MARCH 16, 2021

Contact: Erin Weber | 646-719-7021 |

  • More than one-third (35 percent) of adults who earned some college credit, but not a degree, are parents of children under 18.
  • Students with children are nearly twice as likely to leave college before graduating than students who are not parents: Over half (52 percent) of student parents suspend their enrollment within six years without returning to complete their education, compared with 29 percent of all students without children.

Washington, DC – A new report released by the Institute for Women’s Policy Research (IWPR) highlights the obstacles that lead many of the 3.8 million undergraduate students who are parents to leave college without earning a degree, and the policy and practice strategies that can promote their success. Holding a college credential has become increasingly important for securing living wage employment, especially in light of the economic crisis sparked by the COVID-19 pandemic.

The pandemic has exacerbated the obstacles to degree completion for student parents, many of whom are Black, Indigenous, Native Hawaiian/Pacific Islander students and families with low incomes. Understanding these students’ experiences and needs, especially those who return to college after a prolonged break, is essential to improving college attainment rates and enhancing student parents’ ability to establish family economic security.

Student parents perform a complex balancing act between caregiving, school, and work without an adequate safety net, making it harder for them to remain enrolled in college. Community college students (62 percent), single student parents (54 percent), Black student parents (58 percent), and student parents of infants (56 percent) are particularly likely to leave college before graduating.

Supporting student parents’ return to school will require enhanced supports that are centered on the whole family. Student parents often return to college, even after breaks of a decade or more. Once back on campus, they must navigate systems and practices that were not designed with their parenting and work responsibilities in mind. The report shows student parents will benefit from investing in affordable child care and re-designing education around the experiences of returning adult learners.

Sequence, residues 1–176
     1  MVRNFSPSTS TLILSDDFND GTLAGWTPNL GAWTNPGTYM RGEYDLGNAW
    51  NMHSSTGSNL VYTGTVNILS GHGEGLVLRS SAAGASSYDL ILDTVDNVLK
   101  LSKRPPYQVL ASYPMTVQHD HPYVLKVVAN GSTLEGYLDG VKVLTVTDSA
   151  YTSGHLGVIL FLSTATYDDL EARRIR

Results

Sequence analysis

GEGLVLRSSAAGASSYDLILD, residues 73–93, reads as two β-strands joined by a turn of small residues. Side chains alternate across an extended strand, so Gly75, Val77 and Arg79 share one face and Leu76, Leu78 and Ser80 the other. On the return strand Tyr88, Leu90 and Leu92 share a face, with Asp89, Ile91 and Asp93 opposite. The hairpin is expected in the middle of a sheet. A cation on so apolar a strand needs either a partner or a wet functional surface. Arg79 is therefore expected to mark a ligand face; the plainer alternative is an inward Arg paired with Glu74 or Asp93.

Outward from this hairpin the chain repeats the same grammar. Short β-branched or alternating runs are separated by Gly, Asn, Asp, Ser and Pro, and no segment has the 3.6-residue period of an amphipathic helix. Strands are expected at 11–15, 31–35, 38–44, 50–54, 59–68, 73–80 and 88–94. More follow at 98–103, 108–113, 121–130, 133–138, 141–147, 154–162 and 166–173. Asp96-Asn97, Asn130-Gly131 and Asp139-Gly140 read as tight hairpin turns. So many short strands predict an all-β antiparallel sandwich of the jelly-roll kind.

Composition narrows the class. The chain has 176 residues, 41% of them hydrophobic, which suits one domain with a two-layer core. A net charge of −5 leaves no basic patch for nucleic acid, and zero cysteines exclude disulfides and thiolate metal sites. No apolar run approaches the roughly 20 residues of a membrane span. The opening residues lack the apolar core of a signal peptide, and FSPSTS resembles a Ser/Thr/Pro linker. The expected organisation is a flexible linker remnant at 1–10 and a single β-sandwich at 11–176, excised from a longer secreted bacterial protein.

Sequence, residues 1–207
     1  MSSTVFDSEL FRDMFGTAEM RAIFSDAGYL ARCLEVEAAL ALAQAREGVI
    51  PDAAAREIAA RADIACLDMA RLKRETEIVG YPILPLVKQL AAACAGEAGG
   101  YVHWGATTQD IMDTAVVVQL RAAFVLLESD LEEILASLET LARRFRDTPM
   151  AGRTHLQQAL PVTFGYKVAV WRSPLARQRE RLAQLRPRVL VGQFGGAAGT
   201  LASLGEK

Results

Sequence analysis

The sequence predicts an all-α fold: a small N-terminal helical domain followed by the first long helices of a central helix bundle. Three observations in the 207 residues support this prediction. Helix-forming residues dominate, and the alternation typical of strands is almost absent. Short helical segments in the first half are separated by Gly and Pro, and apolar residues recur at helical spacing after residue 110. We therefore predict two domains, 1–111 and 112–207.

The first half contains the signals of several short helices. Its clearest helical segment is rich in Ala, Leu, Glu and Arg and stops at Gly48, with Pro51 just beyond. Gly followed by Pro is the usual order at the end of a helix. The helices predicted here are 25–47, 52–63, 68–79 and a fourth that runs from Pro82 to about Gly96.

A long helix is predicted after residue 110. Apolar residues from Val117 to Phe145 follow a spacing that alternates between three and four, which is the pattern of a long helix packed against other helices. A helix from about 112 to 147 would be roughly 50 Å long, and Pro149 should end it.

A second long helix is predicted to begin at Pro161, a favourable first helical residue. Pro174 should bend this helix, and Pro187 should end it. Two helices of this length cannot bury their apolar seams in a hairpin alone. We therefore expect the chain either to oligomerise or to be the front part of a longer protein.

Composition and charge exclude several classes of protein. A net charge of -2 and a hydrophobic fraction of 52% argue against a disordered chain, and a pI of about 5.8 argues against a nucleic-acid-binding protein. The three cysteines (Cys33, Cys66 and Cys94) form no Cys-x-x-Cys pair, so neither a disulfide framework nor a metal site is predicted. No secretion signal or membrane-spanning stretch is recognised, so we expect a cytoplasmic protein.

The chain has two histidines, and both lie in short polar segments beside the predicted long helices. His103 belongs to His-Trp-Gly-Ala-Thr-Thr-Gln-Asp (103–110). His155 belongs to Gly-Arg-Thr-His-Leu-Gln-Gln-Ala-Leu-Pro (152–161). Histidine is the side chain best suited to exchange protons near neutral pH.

“It’s not enough to just know that students with children disproportionately leave school before graduating,” said Lindsey Reichlin Cruse, a study director at IWPR and co-author of the report. “We can disrupt this pattern by making sure student parents have access to intentional guidance and support, including affordable child care, adequate financial aid, and mental health services.” She added that higher education systems and services on college campuses are not designed with student parents or adult students in mind – but they could be.

“Supporting student parents’ ability to succeed in higher education increases their families’ chances of economic security and social mobility, and helps make progress toward greater educational and economic equity,” said C. Nicole Mason, president and CEO of IWPR. “It’s not enough to make college accessible – we need to create a society that supports parents when they are at school or at work.”

The report, which is co-authored by Susana Contreras-Mendez of IWPR, shows student parents will benefit from investing in affordable child care and re-designing education around the multifaceted experiences of returning adult learners.

The report also provides insights from student parents including Adrian Spencer who said, “If policymakers could think of ways for funding sources [to support] adult students, that would be super helpful, especially funding that is versatile to use for whatever that student might need. Finding ways to support women furthering their education is really important right now, but there aren’t enough supports in place.” She added, “[Paying for] child care and [having] the ability to provide for your family and to pay for school at the same time is just hard, period.”

Key recommendations for education and policy leaders from student parents interviewed for the report include making needed caregiving, financial, mental health, and other basic needs support more accessible so student parents can focus on their studies while providing for their families. Streamlined public assistance, intentional services for adult and parenting learners, increased financial aid, and greater access to safe and high-quality affordable child care can improve student parents’ ability to achieve educational and economic success.

“Student parents have always faced challenges in their postsecondary journey, but the economic fallout from the pandemic, along with the lack of available child care support, has exponentially compounded these strains,” said Vinice Davis, a venture partner at Imaginable Futures, which funded the report. “It is more urgent than ever for higher education institutions, policymakers, philanthropy, and innovators to support this courageous student population. At Imaginable Futures, we see this as an economic, community and moral imperative, and we hope that this study from IWPR will lead to sustainable, systemic change.”


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